While there is a significant time variation between workers in the southern Mediterranean countries and the northern Benelux countries, the typical European employee who uses a computer at work spends 18.4 minutes per day sending and receiving emails.
According to research by the Riga-based software business DeskTime, employees in Luxembourg spend only a little bit more than 2 minutes per day communicating by email, compared to 55 minutes on the Mediterranean island of Malta.
These numbers show that Croatian employees correspond via official business email for roughly 14 minutes every day. Thus, Croatia is in the center, ranking 15th out of the 30 nations in the study, which was carried out in November and comprised more than 11,000 employees from throughout Europe.
The advent of new communication technologies, which became extremely popular in northern nations during the coronavirus epidemic, helps to explain why there are such stark contrasts between the north and south of Europe.
Companies in the Benelux nations—Belgium, the Netherlands, and Luxembourg—as well as Austria, Switzerland, and Germany—started using Teams, Zoom, Slack, and PhpStorm significantly during the pandemic to communicate with one another and with other businesses, which led to a decrease in traditional email correspondence.
On the other hand, these new tools were not immediately adopted by the nations of the southern Mediterranean. Due to this, they continue to use e-mail frequently, as well as Skype, MS Outlook, and Google Docs, which are more traditional forms of communication. MS Outlook is a popular alternative to e-mail in Croatia, and the fact that it ranks in the middle suggests that it also makes use of these modern features.
Companies all across the world now allow hybrid part-time work from home arrangements or telecommuting. According to DeskTime CEO Artis Rozentals, they simultaneously incorporated a variety of tools and applications into their daily routine. He continues, “Email used to be their primary method of internal and external communication, but now they employ more effective tools since they save time.
The authors of the study claim that since the coronavirus pandemic breakout, meetings and video conferences have been held utilizing apps like Teams and Slack, resulting in speedier communication and a decrease in the use of e-mail.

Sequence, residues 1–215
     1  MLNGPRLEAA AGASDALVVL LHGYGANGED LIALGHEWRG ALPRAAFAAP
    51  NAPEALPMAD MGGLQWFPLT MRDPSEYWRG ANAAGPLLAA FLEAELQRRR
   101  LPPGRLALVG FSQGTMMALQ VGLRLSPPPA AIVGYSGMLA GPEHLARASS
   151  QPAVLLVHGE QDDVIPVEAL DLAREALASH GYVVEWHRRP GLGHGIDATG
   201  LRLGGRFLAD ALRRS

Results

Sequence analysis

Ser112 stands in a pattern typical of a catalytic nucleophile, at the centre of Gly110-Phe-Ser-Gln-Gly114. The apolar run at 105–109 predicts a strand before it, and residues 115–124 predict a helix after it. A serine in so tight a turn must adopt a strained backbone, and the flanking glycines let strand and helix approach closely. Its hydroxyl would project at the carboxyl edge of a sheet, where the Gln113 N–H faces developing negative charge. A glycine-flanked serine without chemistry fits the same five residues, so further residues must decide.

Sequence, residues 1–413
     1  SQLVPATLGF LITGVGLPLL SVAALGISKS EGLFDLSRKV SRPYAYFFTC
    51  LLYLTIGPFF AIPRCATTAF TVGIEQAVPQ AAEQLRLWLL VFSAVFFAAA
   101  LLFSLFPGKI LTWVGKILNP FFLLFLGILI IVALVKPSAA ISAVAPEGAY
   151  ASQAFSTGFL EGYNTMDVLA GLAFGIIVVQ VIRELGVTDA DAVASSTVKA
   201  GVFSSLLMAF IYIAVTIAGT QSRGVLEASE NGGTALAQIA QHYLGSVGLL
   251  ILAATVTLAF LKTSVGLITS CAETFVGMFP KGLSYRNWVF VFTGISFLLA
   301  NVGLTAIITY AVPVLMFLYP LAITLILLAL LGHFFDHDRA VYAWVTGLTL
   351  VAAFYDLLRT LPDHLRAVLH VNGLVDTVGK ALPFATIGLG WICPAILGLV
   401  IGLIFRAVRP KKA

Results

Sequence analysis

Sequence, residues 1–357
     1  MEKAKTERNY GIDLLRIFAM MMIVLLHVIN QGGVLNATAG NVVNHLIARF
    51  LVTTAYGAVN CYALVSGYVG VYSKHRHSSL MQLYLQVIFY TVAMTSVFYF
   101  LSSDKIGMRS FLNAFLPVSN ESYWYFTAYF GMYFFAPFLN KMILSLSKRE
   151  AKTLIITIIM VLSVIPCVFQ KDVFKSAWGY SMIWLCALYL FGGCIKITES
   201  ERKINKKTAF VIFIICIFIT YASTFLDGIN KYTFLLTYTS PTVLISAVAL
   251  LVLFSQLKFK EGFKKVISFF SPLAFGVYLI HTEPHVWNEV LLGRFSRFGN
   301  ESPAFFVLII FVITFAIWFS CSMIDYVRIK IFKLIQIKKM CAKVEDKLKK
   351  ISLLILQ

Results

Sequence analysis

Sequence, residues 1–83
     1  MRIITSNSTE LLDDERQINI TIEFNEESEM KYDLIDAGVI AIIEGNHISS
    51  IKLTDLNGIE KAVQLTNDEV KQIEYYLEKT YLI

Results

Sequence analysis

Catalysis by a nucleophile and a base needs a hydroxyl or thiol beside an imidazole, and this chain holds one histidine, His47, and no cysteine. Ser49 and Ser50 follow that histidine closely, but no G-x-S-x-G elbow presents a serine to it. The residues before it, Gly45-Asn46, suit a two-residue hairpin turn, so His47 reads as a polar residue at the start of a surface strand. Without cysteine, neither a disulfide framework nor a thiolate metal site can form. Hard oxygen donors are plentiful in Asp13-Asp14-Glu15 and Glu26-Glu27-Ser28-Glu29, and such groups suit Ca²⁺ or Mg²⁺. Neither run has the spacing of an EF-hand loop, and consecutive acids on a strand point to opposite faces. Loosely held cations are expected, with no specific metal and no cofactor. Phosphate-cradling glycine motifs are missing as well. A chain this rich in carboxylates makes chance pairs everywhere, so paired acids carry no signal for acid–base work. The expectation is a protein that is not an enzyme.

DeskTime, a company that monitors productivity in businesses and was established in the Latvian capital in 2011, uses a variety of tools, including Teams from the American developer Microsoft, to facilitate communication.
As a result, Rozentals claims that he no longer opens email throughout the workday.
Yet the average employee in Latvia uses 36 minutes each email exchange. This places Greece and Spain in second and third place in Europe, exactly behind Malta, where workers spend between 36 and 38 minutes at the office.
At the bottom of the list, with Luxembourg, are workers in Austria, Switzerland, Belgium, and the Netherlands, who send and receive emails in intervals of 3.67 to 6.11 minutes.
Employees that spend the majority of their workdays on computers participated in the study.
The report also reveals that employees in Europe send emails 33% less frequently than those in the US. An employee from Europe spends 18.42 minutes a day on email, compared to an American’s 27.23 minutes.
According to Rosenthals, this may be a sign of differences in the two regions’ cultures, habits, and methods of workplace communication.
But even in the USA, employees have been using Teams and Slack more, which has resulted in less use of email, since the coronavirus pandemic outbreak in early 2020.
In 2019, the software giant Adobe claimed that American workers communicated via email for more than 300 minutes (five hours) every day on average. According to DeskTime’s research, they spent slightly more than 27 minutes in November 2022.
Microsoft introduced the Teams app to the market in 2017, and at the time, 2 million users were using it. Microsoft estimates that there will be 270 million users in 2022.